On December 31, 2014, the New York State minimum wage will increase from $8.00/hour to $8.75/hour. The minimum wage will then increase again on 12/31/15 to $9.00/hour in New York. Click on this link to go to the NYS Department of Labor website.
The Fiscal Policy Institute (FPI) estimates that 7.3% of the Tompkins County population (or 3,800 people) will be directly affected by this increase. On a statewide level, the FPI estimates that 10.1% of the population (or 880,00o) will be directly affected by the increase.
If you are a worker who doesn’t see your wage increase on December 31, 2014, please contact the Tompkins County Workers’ Center Workers Rights Hotline at 607-269-0409 and we will help you to rectify the situation!
(Ithaca) A year and a half ago, Milton Webb and Stanley McPherson, two workers with ReCommunity Recycling (which was taken over by Casella Waste Systems in early 2014), a subcontractor with the Tompkins County Solid Waste Division, approached the Tompkins County Workers’ Center (TCWC) wondering why they weren’t making a Living Wage, considering the fact that they were doing the business of the County, which is a Certified Living Wage Employer. After a joint campaign that was made possible by the teamwork of an absolute variety of players, today we celebrate a huge victory in the step to ensure that all Tompkins County ‘contracted workers’ are paid a Living Wage.
The details of the victory include an allocation from the Tompkins County Legislature’s Living Wage Contingency Fund of $20,000, as well as a commitment to pay a Living Wage coming from Casella Waste Systems. Casella estimates that it will cost an additional $105,000/year to increase all their workers to a Living Wage. The agreement will enable workers at the County’s Recycling and Solid Waste Center to all be paid a Living Wage (presently $12.62/hour or $13.94 without health insurance) beginning in early February 2015. The allocation, just approved at today’s Facilities and Infrastructure Committee by a unanimous 5-0 vote, will now go to a full Legislature vote on Tuesday, January 6th.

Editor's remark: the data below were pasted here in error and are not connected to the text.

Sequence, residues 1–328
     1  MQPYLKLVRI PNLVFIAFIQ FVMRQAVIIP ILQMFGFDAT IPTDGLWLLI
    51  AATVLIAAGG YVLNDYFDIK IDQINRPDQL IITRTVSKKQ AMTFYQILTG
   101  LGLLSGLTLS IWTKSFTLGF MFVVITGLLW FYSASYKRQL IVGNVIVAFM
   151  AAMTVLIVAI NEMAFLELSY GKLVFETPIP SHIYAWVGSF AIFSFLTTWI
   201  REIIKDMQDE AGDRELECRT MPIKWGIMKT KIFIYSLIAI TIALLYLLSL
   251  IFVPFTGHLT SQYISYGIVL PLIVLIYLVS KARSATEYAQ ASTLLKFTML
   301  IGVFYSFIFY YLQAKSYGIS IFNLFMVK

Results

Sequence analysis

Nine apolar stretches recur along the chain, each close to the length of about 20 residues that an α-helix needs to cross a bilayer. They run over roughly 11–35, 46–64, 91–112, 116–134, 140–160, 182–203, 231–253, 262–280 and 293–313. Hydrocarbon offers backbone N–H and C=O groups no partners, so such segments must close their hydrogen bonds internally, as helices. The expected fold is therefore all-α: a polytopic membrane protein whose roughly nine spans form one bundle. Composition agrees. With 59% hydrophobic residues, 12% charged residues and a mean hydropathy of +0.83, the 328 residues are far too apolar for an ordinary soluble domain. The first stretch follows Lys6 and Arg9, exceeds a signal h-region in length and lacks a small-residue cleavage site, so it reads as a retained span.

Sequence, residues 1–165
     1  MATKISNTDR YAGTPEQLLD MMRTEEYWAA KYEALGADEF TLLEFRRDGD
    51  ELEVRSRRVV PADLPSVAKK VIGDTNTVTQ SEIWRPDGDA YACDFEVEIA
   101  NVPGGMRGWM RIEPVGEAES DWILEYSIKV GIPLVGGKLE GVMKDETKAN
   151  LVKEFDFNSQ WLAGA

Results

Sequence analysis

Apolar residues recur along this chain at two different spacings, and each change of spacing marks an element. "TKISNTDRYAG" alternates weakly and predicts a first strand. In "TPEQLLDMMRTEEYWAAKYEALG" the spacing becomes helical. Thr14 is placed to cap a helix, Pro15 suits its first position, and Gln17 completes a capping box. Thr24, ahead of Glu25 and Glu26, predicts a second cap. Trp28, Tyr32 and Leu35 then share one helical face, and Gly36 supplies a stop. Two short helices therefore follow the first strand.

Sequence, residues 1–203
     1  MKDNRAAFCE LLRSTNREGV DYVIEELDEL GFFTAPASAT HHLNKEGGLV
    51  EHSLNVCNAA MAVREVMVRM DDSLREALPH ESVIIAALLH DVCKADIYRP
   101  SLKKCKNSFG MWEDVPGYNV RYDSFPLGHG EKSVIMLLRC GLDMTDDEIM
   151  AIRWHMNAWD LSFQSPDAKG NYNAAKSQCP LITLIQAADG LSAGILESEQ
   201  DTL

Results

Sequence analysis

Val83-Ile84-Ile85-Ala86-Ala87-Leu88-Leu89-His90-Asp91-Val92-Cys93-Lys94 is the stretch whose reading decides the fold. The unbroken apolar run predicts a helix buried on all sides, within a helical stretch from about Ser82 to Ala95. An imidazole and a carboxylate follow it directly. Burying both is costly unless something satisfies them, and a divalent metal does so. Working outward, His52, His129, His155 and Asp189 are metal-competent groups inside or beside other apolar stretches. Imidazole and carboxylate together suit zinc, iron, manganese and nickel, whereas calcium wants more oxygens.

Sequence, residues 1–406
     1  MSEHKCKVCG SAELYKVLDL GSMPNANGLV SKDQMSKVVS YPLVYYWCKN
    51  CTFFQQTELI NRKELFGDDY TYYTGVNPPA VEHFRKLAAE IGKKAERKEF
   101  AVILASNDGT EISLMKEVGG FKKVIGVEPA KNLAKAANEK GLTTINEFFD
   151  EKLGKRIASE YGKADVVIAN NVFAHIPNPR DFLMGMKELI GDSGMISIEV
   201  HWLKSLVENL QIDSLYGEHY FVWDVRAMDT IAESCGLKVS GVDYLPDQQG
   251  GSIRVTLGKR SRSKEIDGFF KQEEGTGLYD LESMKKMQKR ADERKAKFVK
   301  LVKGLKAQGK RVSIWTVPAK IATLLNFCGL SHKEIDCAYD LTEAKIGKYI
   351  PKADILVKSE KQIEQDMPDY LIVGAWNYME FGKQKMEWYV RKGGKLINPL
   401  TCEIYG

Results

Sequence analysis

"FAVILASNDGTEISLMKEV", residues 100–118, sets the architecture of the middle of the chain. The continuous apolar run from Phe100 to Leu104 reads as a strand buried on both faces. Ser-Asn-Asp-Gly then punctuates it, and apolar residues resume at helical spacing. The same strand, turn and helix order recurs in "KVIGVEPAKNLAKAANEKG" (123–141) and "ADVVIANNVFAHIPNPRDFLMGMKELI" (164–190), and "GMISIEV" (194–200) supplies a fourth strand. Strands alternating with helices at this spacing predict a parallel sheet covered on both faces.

This successful campaign is a great example of the ‘concerted action’ of two workers in the workplace acting in solidarity with each other, and in coordination with a community campaign as organized by the TCWC alongside many supportive County Legislative members. As Casella worker, Milton Webb says: “This was a team effort with the Workers’ Center and the Legislature. From the bottom of our hearts, Stanley and I want to say thank you. (Listen to audio: https://www.youtube.com/watch?v=kKOgY8RcRuM)
As the Tompkins County Workers’ Center (TCWC) enters into its 13th year, we celebrate our victories, and yet realize just how far we have to go in order to fulfill our Vision: a Living Wage and workers’ rights for all. We could have accomplished none of this without you, our loyal supporters. Please consider supporting our efforts today by clicking on the Donate button below. (If you become a Monthly Sustainer, we have 2 Matching Grants that will match what you are able to give over a year’s time!)
A smattering of our victories include:
- successfully exerting pressure on the Sodexo Corporation to pay a Living Wage to all its dining service workers at Ithaca College;
- becoming the first organization nationally to start a Living Wage Employer Certification program;
- securing judgments of over $1.25 million in Wage Theft actions from employers in Tompkins County;
- holding the largest hair salon corporation, Regis, accountable for its illegal ‘yellow dog contracts';
- through our Worker’s Rights Hotline, successfully laying the groundwork for three successful union organizing drives, including one very recent one within the past week. Our Hotline handles approximately 300 cases a year.
We could have done absolutely none of this without you, our loyal supporters in Tompkins County and beyond. We raise an unusually high amount of our funds from our local grassroots supporters such as you, up to 40% in this past year alone!!
Over 100 People Brave Cold on Black Friday in Ithaca to Demand Wal-Mart Take Lead in $15/Hour and Full Time Work
(Ithaca) Over 100 people gathered for two hours in sub-freezing conditions this past Friday on Black Friday in Ithaca, outside of the Ithaca Wal-Mart, to call Wal-Mart to task over it’s low wages and lack of full time work for those workers who want to work full time. Recognizing that Wal-Mart is not the only big-box store to engage in egregious labor practices, the organizers of the rally which included the Tompkins County Workers’ Center, the Central New York Area Labor Federation, AFL-CIO; the Labor-Religion Coalition of the Finger Lakes; and the Midstate Central Labor Council, focus on Wal-Mart because of its leadership our nation’s retail industries.
At the end of the two hour protest, one of over 2200 such protests nationally, fifteen or so of the protestors (including two elected officials, Cynthia Brock, 1st Ward Councilperson for the City of Ithaca and Town of Caroline Board Member, John Fraccia) delivered a letter on behalf of all those outside, and in the community, stating our demands. The text of the letter can be found below.